You shiver when you are cold because the ATP hydrolysis that occurs during this (or any...

You shiver when you are cold because the ATP hydrolysis that occurs during this (or any other muscle contraction) produces heat. Newborn mammals lacking fur or hibernating mammals contain brown adipose tissue that generates heat via non shivering thermogenesis. Central to this mechanism is a mitochondrial protein called Thermogenin, which acts as a proton channel but does not synthesize ATP. How does this work? Can you think of another mechanism whereby heat could be generated without shivering?

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Answer #1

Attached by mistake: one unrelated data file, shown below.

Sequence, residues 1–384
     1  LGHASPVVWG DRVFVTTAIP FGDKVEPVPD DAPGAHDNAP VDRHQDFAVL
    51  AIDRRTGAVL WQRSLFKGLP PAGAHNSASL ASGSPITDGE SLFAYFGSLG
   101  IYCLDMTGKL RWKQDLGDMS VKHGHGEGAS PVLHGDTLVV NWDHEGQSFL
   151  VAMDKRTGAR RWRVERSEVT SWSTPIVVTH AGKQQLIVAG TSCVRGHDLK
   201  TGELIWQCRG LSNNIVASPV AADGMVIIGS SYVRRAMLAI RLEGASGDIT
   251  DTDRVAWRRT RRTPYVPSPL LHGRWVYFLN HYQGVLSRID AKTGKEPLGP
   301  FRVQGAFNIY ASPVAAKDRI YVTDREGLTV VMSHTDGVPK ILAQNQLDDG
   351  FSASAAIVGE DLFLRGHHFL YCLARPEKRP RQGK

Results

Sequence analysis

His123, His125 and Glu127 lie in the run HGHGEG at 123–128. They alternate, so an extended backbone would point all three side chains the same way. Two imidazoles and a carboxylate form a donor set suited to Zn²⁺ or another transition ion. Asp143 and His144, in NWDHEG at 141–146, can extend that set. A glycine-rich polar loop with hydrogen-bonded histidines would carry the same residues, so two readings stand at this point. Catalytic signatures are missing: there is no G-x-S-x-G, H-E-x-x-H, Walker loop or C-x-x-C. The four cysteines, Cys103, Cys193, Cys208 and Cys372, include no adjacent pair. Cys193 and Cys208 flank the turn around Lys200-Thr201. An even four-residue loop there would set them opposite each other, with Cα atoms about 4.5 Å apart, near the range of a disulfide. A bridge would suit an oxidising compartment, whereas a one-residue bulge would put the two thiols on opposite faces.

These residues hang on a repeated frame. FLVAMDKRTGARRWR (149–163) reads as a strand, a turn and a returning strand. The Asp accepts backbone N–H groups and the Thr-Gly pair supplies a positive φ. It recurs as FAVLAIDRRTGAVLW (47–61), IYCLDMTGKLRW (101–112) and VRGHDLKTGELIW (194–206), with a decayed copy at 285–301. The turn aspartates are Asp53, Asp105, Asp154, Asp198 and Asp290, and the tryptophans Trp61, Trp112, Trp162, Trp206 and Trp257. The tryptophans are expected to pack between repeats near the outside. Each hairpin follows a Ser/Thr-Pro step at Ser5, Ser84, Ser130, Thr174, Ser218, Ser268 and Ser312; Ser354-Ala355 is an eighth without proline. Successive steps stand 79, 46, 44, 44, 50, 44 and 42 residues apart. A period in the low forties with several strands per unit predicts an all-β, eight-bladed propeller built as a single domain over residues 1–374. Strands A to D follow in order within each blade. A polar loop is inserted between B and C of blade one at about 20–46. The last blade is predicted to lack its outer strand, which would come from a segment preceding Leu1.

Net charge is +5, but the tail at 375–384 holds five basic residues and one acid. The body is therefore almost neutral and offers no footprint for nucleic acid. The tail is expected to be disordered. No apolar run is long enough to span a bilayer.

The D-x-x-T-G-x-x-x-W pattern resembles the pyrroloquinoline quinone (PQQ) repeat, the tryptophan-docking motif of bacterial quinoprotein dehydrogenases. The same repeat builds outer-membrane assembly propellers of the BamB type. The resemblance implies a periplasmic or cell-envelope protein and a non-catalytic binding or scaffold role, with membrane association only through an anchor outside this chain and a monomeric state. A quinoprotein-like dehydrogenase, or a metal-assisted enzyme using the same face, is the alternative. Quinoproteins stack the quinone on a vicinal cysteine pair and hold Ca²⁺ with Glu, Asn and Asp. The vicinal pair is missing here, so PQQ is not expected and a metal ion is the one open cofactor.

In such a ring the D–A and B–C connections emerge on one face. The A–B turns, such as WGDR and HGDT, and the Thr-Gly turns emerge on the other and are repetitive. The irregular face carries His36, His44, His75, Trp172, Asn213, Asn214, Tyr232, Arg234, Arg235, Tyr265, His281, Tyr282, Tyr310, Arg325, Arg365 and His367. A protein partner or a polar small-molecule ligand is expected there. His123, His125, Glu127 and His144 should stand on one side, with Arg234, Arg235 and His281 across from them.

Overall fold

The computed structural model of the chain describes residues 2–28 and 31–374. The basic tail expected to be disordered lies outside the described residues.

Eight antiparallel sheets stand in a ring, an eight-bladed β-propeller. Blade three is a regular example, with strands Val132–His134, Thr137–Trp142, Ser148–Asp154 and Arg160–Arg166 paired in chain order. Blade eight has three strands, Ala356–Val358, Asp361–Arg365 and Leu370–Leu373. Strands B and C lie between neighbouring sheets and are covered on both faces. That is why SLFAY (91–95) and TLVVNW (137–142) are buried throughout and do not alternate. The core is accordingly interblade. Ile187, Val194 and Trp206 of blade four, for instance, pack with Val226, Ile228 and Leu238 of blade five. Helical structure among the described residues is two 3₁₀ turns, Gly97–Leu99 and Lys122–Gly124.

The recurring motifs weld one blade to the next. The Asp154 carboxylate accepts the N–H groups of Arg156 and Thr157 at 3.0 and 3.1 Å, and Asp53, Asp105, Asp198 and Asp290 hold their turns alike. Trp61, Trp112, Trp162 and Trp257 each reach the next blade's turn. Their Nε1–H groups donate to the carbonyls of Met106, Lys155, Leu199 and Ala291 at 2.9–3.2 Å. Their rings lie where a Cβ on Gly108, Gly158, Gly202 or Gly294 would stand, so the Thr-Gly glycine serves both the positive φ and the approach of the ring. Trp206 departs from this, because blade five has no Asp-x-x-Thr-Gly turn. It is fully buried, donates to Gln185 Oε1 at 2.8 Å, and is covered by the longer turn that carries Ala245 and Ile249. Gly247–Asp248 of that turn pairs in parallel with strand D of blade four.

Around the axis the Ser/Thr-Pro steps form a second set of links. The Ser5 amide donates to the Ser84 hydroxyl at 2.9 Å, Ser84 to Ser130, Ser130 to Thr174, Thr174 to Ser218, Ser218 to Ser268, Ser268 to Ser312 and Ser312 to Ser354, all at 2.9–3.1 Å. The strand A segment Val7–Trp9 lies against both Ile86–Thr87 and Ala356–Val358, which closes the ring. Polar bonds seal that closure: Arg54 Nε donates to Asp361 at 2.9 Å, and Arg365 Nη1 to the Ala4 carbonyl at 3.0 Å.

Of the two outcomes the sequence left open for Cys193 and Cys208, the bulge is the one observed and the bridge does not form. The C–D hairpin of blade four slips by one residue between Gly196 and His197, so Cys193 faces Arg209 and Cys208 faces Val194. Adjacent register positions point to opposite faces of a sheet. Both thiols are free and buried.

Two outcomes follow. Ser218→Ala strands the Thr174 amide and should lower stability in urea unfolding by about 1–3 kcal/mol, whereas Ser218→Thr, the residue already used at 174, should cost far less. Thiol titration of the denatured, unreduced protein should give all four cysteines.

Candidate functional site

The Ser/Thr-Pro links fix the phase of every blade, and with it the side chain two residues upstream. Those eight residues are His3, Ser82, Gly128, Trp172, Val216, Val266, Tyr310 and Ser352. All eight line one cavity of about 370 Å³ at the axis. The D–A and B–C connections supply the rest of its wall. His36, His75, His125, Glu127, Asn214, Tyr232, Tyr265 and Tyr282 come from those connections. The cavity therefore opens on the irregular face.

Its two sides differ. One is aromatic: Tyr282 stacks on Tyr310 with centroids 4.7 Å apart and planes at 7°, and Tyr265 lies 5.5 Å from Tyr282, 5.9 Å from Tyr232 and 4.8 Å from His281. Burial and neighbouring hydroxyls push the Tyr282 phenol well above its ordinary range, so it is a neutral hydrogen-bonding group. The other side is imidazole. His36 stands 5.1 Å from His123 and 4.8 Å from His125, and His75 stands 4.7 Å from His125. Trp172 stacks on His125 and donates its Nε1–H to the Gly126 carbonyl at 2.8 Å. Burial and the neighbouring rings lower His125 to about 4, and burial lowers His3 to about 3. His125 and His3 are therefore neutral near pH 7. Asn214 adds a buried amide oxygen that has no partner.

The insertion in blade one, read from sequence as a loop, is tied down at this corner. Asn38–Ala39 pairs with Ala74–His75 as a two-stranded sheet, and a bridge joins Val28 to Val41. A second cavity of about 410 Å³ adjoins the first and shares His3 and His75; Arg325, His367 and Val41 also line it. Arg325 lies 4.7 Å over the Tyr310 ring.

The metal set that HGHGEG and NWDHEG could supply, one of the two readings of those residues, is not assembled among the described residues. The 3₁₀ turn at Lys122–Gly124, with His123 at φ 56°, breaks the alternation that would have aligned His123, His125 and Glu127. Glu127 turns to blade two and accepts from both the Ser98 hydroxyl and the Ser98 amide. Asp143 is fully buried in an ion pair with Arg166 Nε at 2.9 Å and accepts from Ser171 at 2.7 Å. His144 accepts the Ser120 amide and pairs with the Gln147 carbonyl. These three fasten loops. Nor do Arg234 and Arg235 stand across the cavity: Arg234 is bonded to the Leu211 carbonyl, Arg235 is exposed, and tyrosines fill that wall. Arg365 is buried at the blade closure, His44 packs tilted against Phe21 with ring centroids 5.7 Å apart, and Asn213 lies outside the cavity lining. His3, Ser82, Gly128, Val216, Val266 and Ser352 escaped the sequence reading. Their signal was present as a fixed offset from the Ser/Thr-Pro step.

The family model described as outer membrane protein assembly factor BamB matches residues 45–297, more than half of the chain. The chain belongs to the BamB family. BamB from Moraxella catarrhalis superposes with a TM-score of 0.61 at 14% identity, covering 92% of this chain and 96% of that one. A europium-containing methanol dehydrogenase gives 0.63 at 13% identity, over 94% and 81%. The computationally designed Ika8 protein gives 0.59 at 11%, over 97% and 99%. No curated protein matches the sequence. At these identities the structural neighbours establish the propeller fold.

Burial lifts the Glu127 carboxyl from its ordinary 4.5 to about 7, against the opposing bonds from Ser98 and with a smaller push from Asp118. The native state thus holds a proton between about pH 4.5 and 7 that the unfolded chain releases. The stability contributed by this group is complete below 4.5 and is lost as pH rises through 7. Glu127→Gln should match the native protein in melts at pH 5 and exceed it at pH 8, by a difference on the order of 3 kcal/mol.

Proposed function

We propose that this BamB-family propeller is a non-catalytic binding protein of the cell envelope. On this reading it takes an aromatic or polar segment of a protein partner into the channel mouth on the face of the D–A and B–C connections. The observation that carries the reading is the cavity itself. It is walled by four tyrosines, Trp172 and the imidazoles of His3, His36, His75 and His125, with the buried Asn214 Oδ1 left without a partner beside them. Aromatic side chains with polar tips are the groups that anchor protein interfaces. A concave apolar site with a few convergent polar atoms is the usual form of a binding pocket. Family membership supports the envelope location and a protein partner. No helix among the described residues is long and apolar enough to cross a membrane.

Thermogenin is an uncoupler found in the mitochondria, the energy-generating organelle of a cell, of BAT. Mitochondria use fats and glucose to produce ATP in a process that involves storing energy in the form of a proton gradient across the inner mitochondrial membrane. This energy is typically used to synthesize ATP when protons flow across the membrane. However, in BAT, thermogenin allows for the protons to run down its gradient in an alternative route without producing ATP, allowing for the energy stored in the proton gradient to be dissipated as heat.

The blood flow decreases; blood vessels contract and retain the heat in that area.

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